David Warnock was a master Joiner of High Blantyre during the late 19th Century. Together with partner William Walker, they owned a large joinery business and had a workshop near High Blantyre Railway Station. Born in Cambuslang in 1842, the son of William Warnock and Mary Arbuckle, by the age of 20 he was living at Birkenshaw Farm in Bothwell Parish and training as an apprentice carpenter. He was lodging as a boarder to the Whitelaw family.
David married Janet (Jane) Nay in Larkhall on 27th November 1868. David was 20 years old and Jane was 20. It was Jane’s family who were from Larkhall and David had been living immediately previous to his marriage at Broomhouse, Lanark. The couple settled there initially and they would have a large family. At the time of his wedding, David’s father had died. His first two sons William and David Jnr were born in Broomhouse. David came to Blantyre in either 1874 or early 1875 and he is noted as renting a house in the 1875 census in Hunthill.
In early 1877, he formed a partnership with Mr William Walker, another local joiner and was advertising for workers for their new steam sawmills in High Blantyre in July of that year. It is around this time David built Warnock’s Laun at Springfield, homes which he intended to let out. Both David and William Walker are noted as being joiners in Nasmith’s Directory of 1879.
In 1881 David was 39 years old and with wife Jane they were living at Warnock’s Laun at Springfield. With them were 3 children, William Warnock (11), David Warnock Jnr (9) and John Warnock (4), sons who would all follow David into the joinery trade. David was by then a master joiner.
In Slater’s Directory in 1882, David Warnock is also noted, as being a spirit dealer at Larkfield, Barnhill, and a sideline venture that may have been short lived due to the difficulties in acquiring licenses for it was not recorded in 1885 that this business still existed. He had applied for a license at Springfield Place in April 1880. According to the 1885 valuation roll David owned land, houses and a shop at Springfield Place (Warnock’s Laun).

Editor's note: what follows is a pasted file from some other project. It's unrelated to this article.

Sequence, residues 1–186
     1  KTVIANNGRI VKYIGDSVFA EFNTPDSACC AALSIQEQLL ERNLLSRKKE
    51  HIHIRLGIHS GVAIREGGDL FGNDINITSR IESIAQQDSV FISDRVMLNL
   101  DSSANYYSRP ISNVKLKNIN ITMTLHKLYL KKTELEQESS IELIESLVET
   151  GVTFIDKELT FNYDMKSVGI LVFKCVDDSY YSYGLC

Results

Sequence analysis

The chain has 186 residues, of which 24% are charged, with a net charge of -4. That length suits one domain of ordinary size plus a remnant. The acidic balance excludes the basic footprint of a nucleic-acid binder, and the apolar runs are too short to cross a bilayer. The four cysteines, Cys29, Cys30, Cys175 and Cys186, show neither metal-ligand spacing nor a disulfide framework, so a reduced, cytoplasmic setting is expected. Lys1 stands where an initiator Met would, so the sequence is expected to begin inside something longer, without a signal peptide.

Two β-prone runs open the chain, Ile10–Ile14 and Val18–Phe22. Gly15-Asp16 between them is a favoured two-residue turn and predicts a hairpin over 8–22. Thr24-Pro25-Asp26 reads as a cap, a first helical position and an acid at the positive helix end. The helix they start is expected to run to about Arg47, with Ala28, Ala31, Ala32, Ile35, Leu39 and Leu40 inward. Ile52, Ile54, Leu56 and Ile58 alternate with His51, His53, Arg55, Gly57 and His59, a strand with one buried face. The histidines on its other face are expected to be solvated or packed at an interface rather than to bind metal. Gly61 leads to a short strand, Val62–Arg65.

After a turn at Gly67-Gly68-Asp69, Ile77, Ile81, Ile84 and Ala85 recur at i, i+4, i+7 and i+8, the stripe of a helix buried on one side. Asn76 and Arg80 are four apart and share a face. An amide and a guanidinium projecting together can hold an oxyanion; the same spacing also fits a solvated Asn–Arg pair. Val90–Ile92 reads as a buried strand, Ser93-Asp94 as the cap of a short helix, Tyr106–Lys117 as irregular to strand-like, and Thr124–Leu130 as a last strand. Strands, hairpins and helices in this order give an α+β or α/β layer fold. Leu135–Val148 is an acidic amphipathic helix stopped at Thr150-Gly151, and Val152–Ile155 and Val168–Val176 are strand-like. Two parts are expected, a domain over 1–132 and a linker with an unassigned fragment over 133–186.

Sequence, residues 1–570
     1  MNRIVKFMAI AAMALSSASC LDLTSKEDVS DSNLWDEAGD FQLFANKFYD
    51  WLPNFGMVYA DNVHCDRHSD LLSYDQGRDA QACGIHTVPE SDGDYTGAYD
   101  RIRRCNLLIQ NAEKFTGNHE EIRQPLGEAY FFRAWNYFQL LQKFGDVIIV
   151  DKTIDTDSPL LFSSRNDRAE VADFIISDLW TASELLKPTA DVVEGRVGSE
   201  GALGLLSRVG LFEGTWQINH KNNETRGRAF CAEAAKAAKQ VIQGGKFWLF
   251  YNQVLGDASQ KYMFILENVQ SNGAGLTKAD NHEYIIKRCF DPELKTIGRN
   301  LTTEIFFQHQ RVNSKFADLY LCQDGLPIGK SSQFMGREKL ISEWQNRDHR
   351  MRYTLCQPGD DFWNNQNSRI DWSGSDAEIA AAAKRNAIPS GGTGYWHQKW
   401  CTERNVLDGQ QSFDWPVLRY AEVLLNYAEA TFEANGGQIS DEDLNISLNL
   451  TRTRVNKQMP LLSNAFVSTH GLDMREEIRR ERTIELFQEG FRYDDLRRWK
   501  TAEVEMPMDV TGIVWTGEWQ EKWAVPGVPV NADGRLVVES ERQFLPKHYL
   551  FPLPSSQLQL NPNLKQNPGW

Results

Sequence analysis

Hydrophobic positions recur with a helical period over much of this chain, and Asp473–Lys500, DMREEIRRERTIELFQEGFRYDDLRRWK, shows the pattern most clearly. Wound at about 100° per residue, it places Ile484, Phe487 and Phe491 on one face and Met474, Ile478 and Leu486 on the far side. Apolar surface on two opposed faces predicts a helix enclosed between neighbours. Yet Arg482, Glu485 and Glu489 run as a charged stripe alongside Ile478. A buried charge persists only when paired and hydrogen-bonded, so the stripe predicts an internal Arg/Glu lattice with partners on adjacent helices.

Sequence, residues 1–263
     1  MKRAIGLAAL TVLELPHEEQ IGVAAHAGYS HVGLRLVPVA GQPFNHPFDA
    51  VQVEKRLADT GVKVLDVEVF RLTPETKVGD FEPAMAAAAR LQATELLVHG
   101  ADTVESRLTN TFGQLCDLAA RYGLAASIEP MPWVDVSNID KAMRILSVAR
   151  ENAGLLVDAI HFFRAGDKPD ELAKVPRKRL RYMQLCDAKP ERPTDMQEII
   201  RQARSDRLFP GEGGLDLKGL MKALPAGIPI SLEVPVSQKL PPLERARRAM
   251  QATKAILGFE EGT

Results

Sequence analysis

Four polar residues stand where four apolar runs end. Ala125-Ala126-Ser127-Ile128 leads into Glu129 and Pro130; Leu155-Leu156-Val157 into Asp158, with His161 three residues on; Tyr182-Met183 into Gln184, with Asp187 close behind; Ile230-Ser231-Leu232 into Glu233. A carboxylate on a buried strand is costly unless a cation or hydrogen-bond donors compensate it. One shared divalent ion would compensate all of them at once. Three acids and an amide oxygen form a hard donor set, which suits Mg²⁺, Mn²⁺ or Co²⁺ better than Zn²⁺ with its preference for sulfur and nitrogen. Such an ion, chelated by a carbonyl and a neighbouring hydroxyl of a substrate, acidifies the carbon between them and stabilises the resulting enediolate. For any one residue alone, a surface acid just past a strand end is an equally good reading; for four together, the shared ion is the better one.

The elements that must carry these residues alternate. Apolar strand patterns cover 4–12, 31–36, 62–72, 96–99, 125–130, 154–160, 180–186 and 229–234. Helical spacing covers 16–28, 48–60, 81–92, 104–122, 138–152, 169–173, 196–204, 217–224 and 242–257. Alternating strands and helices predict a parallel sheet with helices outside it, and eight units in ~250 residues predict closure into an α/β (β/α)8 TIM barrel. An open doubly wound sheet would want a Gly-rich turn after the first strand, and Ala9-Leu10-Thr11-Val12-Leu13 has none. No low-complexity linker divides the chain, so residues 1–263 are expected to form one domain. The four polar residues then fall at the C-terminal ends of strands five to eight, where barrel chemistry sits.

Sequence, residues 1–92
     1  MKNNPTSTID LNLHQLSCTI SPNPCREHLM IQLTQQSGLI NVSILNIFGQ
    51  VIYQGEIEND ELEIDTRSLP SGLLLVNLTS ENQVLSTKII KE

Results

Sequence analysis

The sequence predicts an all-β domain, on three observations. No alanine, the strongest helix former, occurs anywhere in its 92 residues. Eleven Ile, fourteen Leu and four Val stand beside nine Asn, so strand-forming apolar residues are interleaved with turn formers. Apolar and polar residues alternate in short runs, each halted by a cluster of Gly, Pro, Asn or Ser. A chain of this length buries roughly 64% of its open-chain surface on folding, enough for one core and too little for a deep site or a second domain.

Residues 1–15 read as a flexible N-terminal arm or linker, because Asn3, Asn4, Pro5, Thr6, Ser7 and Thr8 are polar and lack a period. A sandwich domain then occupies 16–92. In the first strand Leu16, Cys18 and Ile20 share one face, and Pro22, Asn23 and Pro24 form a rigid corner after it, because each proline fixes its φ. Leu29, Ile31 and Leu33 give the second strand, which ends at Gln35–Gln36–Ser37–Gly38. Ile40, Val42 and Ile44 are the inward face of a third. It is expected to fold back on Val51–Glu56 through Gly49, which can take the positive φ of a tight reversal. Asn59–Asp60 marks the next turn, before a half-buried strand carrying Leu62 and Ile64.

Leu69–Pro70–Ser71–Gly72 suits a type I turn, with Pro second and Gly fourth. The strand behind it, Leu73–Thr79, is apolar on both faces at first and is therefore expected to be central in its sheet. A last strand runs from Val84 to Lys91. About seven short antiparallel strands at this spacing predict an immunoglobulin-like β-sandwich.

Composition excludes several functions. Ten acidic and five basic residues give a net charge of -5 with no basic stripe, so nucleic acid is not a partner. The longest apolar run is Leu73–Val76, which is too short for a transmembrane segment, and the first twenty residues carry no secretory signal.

During the late 1880’s, David and his eldest son William owned homes at Warnock’s Laun, which were indeed rented out to many people. He had a workshop and house also at Barnhill.
In the 1891 census, David and Jane had more children. Eliza, Robert and Mary followed in that order between 1884 and 1889. Another son James would follow in 1893. By 1890, Warnock and Walker owned properties in Blantyre and in Strathaven including Vicarlea Cottage, a 3 bedroomed home.
At some point between 1890 and 1895, David retired from his business partnership. He owned no properties at Springfield by 1895 having sold them and the land at Springfield. Interestingly, the modern name “Janefield” today may have been a nod to the land belonging to David’s wife Jane Warnock for she is noted in the 1880’s as owning land and homes also in that location. David received dividends from his business up until 1896 and continued to have a vested interest in the business that kept his name. In April 1901, David’s remaining share in the business was put through bankruptcy primarily due to financial difficulties of his partner, Mr. William Walker. David looks to have cut his losses and the events of 1901 may have been too much for the retired joiner for he moved away, back to Glasgow between 1901 and 1905.
In the valuation roll of 1905, David has no ownership of any property at Blantyre and was not living there having earlier sold the lot to William Dixon & Co (coalmasters). David Warnock was living at 26 Battlefield Avenue, Glasgow on September 24, 1910 when he died of a cerebral hemorrhage at 67 years old. The death register notes he was a retired master Cartwright – whereas the census records from 1871-1901 say joiner.
His family dispersed from Blantyre in the first decade of the 20th Century. His son, John Warnock (1877-1962) immigrated to Canada about 1911 with his family of 3 young children. They settled in Victoria, British Columbia. There are still descendents of David Warnock living in Canada today and it may not be a surprise to know they are involved in the construction industry, in glazing and the building of log cabins.
From “Blantyre Explained” by Paul Veverka (c) 2017